You put a lot of thought into these things, here are my thoughts on various points you bring up:
Make healthcare prices more visible. I completely agree with this but to understand why they are not we have to think about how healthcare prices are determined. There is an annual (maybe bi-annual?) conference where some hundreds of physicians prominent in their branches of medicine and known as experts get together and discuss the appropriate costs and thus fair prices to be charged for just about any medical procedure that can possibly be billed for. The result of this conference is the price book for what Medicare will pay for anything. The medical community in its entirety basically uses this as their starting template for what private individuals and insurance companies should pay for their services as well. So some handful of people are setting some ridiculous prices year after year that are the very epicenter of rising costs. I bet you are already thinking in your head the major problem here. A handful of Gynecology physicians basically get together and decide what a fair price is for Medicare to pay them, it is the mother of conflict of interests. The higher price they set the more money they stand to make, especially if those physicians happen to be known as experts in a rare type of procedure that few know. They can come up with some extraordinary number and know people will come across the country to see them personally if one of those Gynecology experts doesn't happen to live in their city. Other factors for why they decide on a higher price usually have nothing to do with the procedure itself and sometimes if the insurance company decides to stop paying a proper amount for various medical supplies that are used in other procedures. They will often up charge with the anticipation that insurance companies will try to bilk them in other areas. The problem is a difficult one to solve especially since Medicare to be fair needs to know a fair market price and relies on experts in the field to tell them, so it really is the medical community in this country that really takes the lions share of blame here. How we solve that I don't know.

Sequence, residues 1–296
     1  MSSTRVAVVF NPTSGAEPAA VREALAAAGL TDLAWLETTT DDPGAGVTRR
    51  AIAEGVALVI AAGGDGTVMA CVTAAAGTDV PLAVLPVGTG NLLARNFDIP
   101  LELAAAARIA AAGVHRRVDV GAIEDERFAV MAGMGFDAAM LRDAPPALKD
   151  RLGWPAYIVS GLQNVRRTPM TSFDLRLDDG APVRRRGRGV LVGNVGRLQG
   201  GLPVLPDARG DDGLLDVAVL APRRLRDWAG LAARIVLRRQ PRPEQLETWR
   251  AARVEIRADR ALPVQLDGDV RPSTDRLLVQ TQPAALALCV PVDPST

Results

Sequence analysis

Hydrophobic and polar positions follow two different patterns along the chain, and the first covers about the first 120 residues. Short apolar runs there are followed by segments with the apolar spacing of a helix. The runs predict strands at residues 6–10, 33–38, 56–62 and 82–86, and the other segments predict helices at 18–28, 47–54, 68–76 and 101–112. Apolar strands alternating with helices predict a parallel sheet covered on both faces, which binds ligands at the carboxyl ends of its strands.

Send people a check and they can shop around. Assuming we solve the price transparency issue and rising costs, this might help to curb medical costs even more. I think market based healthcare can really only work if it is single payer to the patient and let them decide where to spend that money.
People abuse Emergency Rooms, they are always in the Red. Yes but if we had true single payer and people could actually get paid or reimbursed for non emergency healthcare then this problem mostly solves itself. Right now many hospitals pretty ingeniously recover a large chunk of that money lost in giving free and charity care to poor and disenfranchised peoples. They write off those losses on their books as charitable donations. If they can accumulate enough of these "charities" then they qualify for Non-Profit corporation status which gives them a slew of tax benefits that sometimes more than make up any operating losses in their emergency room.
Why don't people talk to doctors online and save money and time? This is already a thing and there are a lot of startups right now trying to solve this problem in an innovative way. People can post their symptoms and be connected with a physician or PA that can talk with them one on one and try to come up with a diagnosis. Perscriptions can be automatically filed and sent to your preferred pharmacy when applicable. Last I checked though, insurance won't pay for stuff like this until Medicare adds it to their price book and we come full circle back to the physician conference.